01. Oath of the Abyss
03. Desperate Times
04. Winter Kills
05. The Appetite
07. Curses and Epitaphs
08. Carings Overkill
09. Haunting Refrain
10. Tripping Over Tombstones
2013 Napalm Records
Devildriver has had to scrap and force their way to success, having to avoid the association vocalist Dez Fafara had to his former band Coal Chamber. While that band has been relaunched, Fafara's main focus seems to be with Devildriver. That's a smart move, considering how far they've come since the nu-metal leanings of their 2003 self-titled album. They started to step away from that with their second release, The Fury of Our Maker's Hand, and each album has seen a move towards a groove-accented melodic death metal sound. Winter Kills will be comforting for those who have been attuned to the last few Devildriver albums.
Other than a new bassist at the helm, this is the same group of guys that have been going strong for almost a decade together. They've taken their groove metal and thrown in bits of melodic death metal in there, though it's not enough to overshadow the crushing groove they get from guitarists Mike Spreitzer and Jeff Kendrick. The two of them have made dramatic improvements with their playing over the years, adding in well-timed solos and crafty leads over the main riffs. That continues with Winter Kills, though the solo quotient has declined from past albums. Still, when they come around, it injects some excitement to the song.
Fafara is Fafara, which means that he puts on a tough-guy routine that gets overwrought at times. That's most apparent with the profanity-laced "Ruthless," which has enough F-bombs to make Fred Durst jealous. His screaming vocals are what they are; either you totally dig them or can't get into them. Thankfully, the music that surrounds him is not as uneven. These guys know how to hone in on the gritty aspects of groove metal, without being forced to tame their sound for a commercial audience.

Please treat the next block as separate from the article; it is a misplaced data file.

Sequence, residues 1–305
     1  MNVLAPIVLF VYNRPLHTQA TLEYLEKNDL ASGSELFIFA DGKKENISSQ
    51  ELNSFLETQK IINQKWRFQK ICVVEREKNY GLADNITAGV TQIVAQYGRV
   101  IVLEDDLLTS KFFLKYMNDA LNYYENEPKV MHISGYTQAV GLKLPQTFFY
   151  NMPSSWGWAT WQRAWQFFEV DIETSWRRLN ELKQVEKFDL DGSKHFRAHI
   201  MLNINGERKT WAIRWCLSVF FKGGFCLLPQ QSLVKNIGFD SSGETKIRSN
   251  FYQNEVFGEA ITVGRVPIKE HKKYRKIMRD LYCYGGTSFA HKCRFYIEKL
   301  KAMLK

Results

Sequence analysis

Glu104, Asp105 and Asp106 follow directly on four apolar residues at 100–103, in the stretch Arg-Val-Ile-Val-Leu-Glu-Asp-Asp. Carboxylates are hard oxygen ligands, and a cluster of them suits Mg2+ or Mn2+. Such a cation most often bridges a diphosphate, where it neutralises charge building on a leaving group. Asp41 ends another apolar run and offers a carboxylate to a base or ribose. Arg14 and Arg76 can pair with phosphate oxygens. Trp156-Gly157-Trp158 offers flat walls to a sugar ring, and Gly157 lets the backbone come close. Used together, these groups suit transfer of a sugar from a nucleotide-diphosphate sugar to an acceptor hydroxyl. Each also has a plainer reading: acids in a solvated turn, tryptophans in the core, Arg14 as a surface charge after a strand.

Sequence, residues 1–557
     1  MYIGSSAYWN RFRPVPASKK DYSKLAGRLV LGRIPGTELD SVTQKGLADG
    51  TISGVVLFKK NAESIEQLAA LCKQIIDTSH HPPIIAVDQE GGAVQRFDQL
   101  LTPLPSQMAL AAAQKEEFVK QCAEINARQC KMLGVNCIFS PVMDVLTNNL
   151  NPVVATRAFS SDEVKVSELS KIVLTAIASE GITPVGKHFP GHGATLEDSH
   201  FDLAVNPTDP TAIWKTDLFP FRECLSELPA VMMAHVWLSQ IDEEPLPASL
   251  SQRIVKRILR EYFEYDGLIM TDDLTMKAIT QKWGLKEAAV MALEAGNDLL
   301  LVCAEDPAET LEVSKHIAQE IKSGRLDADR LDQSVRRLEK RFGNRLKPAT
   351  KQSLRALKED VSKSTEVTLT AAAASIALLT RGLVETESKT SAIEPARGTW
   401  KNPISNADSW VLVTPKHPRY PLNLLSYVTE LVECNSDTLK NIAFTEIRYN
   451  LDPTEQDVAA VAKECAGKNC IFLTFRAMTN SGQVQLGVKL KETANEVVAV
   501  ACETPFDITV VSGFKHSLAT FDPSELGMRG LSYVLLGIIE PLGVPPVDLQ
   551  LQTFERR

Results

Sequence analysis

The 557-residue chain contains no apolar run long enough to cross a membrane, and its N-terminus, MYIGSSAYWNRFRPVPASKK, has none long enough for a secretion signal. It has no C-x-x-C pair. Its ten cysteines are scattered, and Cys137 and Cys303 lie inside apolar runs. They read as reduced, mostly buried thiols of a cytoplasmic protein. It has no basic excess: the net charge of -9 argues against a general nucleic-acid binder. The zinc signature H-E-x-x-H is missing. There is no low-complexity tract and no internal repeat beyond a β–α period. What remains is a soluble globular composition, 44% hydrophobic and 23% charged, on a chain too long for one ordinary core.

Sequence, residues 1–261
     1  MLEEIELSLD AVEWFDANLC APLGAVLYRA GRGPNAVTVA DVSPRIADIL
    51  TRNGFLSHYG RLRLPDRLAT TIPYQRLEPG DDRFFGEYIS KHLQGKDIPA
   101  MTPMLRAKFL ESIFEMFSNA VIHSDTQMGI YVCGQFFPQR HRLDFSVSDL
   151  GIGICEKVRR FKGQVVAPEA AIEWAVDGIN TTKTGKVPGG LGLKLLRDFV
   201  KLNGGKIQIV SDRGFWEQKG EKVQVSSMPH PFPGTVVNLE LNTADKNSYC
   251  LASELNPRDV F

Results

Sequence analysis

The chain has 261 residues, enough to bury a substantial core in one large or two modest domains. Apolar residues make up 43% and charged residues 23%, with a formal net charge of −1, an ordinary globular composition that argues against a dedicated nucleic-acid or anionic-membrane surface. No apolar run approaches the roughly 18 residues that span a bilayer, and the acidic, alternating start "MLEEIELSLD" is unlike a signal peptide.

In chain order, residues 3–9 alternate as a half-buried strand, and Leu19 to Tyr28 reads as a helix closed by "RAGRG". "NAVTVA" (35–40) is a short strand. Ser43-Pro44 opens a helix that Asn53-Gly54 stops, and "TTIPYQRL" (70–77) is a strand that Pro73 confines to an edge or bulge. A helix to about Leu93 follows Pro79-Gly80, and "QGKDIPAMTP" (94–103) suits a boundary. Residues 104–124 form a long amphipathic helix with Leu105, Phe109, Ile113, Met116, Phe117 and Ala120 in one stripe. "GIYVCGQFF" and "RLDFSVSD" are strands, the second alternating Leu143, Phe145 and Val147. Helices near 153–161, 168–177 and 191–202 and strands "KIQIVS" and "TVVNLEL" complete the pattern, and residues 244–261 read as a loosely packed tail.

It takes a couple of songs for Winter Kills to start hitting its stride, but once the intense, uptempo "Desperate Times" pops up, the album gets moving. The band makes sure to include a few speedier moments, though they are not particularly frequent. The songs that get to five minutes and over ("Curses and Epitaphs," "Hunting Refrain") play around with melodic guitars, though it's usually reserved for a brief introduction that's dropped quickly for the groove to slam its way in.
One of the biggest surprises on Beast was the band's effective cover of 16 Horsepower's "Black Soul Choir." Hearing these guys take on a country tune was a fresh twist on their sound, and they try their hand at it again with their cover of Awolnation's "Sail." While the original is an indie/electronic rock tune, Devildriver gives it a metal makeover, while sticking to the song's indie traits. Female vocals accentuate Fafara's harsh tone, and the band gives the song enough of a change to make it their own.
Winter Kills continues the "album every two years" pace that Devildriver has kept to since their first album. That systematic approach has helped the band shape their recognizable sound, though little has changed in the past few years. Other than the surprisingly versatile "Sail" cover, Winter Kills is what someone who has heard a Devildriver album before would expect from the band. The trade-off for a lack of innovation is confident songwriting, which is still a valuable quality to possess.
Bottom Line: Very little has changed for Devildriver, but they still deliver rough, anthemic groove metal that skirts into melodic death metal territory.